Asking the important questions about the MEO Rip Curl Pro, Portugal.
Eight in (mathematical) contention for the World Title, a favourable forecast, surfers battling for their careers and the chance of massive Nazare. The next week at the MEO Rip Curl Portugal Pro should pose plenty of questions for the surfing world. Here’s five key questions, and five questionable answers.
Will it be any good?
In a word, yes. Now predicting Supertubes is a fool’s game, but early freesurfing sessions this week have seen the banks looking in prime condition. Swell is never a big issue at this time of year, it is the south and northwest winds that tend to wreck the waves and the commissioner’s mind. From Sunday though, the winds look to be out of the ideal northeast quadrant and the swell hovers up and down around the solid six foot mark till Thursday. The 2011 event that featured four days of back-to-back perfection is the benchmark, but right now next week looks like we could finally see all-time Supertubes, in patches at least. When it’s on, there are few beachbreaks in the world that are better.
In theory there are eight surfers still in mathematical contention for the Title, but only one, John John Florence, who can win it in Peniche. The race will go to Pipeline, however if John finishes third or below. If he makes the final, Jordy will need at least a fifth. Interestingly, or not, there has been seven winners in the seven years the event has run. Jordy isn’t one of them, but he has made the semifinals in three of the six events he's surfed and twice made the final. More of that form and we will see the Pipe climax most surf fans crave.
Can the Aussie battlers save their season?
It’s now or never for Jack Freestone, Ethan Ewing, Josh Kerr and Stu Kennedy. If they are to have any chance of qualifying via the CT, they will need a huge result just to give themselves a chance at Pipeline. Of the four Josh Kerr might be the best bet. With the forecast promising throaty tubes, Kerzzy might be able to forget his annus horribilis, surf on instinct and simply pull in. He showed glimpses of real form in France and if anyone is owed some luck, it’s Kerr.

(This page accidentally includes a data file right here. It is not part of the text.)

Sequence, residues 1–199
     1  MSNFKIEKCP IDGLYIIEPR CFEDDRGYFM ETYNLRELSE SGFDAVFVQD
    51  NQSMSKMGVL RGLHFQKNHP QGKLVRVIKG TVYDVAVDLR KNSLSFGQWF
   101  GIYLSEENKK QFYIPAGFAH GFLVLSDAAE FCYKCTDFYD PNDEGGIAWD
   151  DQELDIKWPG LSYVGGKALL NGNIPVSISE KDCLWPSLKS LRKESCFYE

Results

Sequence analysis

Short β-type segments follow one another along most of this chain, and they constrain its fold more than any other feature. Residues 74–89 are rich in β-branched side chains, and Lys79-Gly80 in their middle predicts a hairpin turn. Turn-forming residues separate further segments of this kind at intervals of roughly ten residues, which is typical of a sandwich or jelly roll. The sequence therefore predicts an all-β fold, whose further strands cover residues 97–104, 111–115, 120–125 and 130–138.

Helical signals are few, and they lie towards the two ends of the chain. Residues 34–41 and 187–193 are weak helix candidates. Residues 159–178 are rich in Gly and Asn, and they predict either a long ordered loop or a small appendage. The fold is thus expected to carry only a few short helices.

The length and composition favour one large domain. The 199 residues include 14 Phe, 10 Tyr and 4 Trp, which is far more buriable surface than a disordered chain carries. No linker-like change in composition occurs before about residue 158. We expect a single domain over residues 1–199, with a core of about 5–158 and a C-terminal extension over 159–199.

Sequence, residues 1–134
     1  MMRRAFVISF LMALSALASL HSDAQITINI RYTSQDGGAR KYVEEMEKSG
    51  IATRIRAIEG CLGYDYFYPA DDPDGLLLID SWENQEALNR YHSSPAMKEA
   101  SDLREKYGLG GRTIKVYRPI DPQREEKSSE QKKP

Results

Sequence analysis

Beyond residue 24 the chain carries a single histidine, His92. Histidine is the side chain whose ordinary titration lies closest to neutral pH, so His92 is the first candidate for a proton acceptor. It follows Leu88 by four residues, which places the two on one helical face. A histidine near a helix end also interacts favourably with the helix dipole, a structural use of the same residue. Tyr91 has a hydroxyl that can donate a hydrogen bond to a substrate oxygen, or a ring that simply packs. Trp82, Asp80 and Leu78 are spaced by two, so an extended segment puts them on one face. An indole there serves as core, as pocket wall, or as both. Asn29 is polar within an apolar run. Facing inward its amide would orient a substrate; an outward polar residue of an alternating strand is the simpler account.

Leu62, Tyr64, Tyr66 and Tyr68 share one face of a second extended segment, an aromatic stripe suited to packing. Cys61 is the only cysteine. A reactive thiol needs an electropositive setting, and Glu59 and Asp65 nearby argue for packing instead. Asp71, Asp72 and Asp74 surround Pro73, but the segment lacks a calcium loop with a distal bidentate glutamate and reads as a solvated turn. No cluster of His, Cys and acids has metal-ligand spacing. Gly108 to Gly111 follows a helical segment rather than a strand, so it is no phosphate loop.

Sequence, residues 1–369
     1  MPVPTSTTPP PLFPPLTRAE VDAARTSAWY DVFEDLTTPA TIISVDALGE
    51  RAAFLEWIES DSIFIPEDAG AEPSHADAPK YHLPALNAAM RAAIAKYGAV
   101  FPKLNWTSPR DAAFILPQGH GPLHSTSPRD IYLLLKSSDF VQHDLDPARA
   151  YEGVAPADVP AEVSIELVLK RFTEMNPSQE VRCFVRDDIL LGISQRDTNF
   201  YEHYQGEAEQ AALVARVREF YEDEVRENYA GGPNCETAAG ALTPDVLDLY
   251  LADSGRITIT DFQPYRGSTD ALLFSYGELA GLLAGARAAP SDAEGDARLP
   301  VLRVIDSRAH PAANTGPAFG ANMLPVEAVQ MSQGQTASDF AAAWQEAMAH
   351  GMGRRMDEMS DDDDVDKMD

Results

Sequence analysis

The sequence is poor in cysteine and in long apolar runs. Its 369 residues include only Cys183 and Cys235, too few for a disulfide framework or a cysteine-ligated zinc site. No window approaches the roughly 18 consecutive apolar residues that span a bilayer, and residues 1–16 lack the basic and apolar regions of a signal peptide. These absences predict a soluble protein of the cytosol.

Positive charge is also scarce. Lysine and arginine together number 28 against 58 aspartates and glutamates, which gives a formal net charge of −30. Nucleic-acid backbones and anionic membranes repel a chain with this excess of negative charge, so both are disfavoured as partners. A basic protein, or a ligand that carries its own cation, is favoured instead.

Will Nazare come into play?
Last year Nazare was included as a back up venue for the event, but this year if any competition runs there it might be the Nazare Challenge. “We’ve had good waves here over the last month or so, but we need some magic numbers for paddling Nazare at its biggest,” UK surfer and Challenge invitee Andrew Cotton told Tracks. “A three metre swell from the northwest, long period, light east winds. Ideally you want it a dreamy 25-foot Hawaiian size with barrels. Next week has potential for some of those numbers, but it’s so hard to predict even a week out. We’ll just have to wait and see.”
Are there any jokers in the pack?
Everyone’s favorite wildcard, heck, everyone’s favourite surfer, Mason Ho is set to return to the CT at Supertubes. Rosie Hodge will be having nightsweats at the thought of the post heat interviews, as will the top seeds if they have to face Ho in challenging barrels. The other wildcard is local Vasco Ribeiro, and although not as entertaining or box office, he is a former World Junior Champion who made the quarterfinals here two years ago. A wildcard hasn’t done any real damage since Yago Dora back in Brazil. That could be about to change in Peniche next week.